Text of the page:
NSTU denies claim of violation of Elections Act

HALIFAX, Oct. 4, 2013 /CNW/ - Elections Nova Scotia has informed the Nova Scotia Teachers Union (NSTU) that complaints have been filed claiming a violation of the Elections Act. "Elections Nova Scotia received complaints that we have engaged in election advertising," says NSTU president Shelley Morse. "The complaints have been forwarded to the RCMP for investigation, and we will work with them to address this issue."

The Teaching Profession Act, an act of the legislature in which the NSTU is governed, gives the NSTU statutory authority to advance and promote the cause of public education in Nova Scotia. "We take our obligation under this act very seriously, and because of this we do not believe that the NSTU engaged in election advertising under the Elections Act," states Morse. "Since 1895 we have directed our programs towards improving the quality of public education in this province."

The NSTU understands the complaints arose from the Stand for Education website, a joint project of education partners in the province, the NSTU, the Nova Scotia Federation of Home and School Associations and la Fédération des parents de la Nouvelle-Écosse. The website contained five questions pertaining to the public education system that the three groups were encouraging the public to ask of election candidates. The Stand for Education campaign encourages the public to tell elected officials to stand up for education and make public education a priority.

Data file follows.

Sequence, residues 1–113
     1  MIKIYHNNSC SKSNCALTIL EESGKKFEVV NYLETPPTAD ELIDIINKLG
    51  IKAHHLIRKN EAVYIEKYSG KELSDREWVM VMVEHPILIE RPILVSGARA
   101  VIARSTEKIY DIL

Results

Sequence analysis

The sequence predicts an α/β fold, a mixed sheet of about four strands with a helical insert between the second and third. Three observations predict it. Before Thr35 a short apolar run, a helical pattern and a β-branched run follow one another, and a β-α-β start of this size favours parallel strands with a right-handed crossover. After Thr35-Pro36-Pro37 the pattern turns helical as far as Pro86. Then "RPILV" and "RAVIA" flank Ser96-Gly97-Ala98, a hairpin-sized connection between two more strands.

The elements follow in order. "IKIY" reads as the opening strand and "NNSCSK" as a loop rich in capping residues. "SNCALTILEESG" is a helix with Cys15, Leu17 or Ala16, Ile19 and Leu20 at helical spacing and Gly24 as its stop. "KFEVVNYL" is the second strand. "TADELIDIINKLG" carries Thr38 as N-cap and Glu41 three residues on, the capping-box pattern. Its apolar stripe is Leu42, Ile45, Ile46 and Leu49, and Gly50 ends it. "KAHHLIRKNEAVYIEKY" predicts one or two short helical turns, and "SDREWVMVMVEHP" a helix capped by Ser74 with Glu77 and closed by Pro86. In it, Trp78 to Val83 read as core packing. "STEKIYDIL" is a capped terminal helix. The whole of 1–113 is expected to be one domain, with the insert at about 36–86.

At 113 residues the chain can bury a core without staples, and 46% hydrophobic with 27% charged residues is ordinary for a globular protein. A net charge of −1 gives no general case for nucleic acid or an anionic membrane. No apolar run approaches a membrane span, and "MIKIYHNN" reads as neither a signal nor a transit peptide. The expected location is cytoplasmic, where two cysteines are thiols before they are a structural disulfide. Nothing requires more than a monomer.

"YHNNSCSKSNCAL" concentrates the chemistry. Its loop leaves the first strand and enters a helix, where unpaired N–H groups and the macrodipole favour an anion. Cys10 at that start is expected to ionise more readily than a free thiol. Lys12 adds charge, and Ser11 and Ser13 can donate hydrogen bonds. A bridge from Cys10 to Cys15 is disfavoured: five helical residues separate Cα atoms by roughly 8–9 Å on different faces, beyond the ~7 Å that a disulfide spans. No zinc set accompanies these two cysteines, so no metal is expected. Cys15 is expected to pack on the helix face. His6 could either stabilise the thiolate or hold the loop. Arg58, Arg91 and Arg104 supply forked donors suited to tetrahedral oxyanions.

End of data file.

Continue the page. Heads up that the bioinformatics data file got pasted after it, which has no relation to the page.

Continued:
"The NSTU continues to maintain its historical position of not attaching itself to any political party," adds Morse. "We encourage our members, parents and other members of the public to ask candidates about their priorities for public education to best meet the needs of all students in Nova Scotia."

The Nova Scotia Teachers Union represents more than 10,000 public school teachers, Community College faculty and professional support staff in Nova Scotia, and teachers who work for the Atlantic Provinces Special Education Authority in Nova Scotia, New Brunswick and Prince Edward Island. Since 1895, it has worked to improve the quality of public education for children and youth in Nova Scotia, while promoting and advancing the teaching profession.

SOURCE: Nova Scotia Teachers Union

For further information:

Angela Murray, NSTU Public Relations Coordinator
(Mobile) 902-497-0194, amurray@staff.nstu.ca, @NSTeachersUnion.

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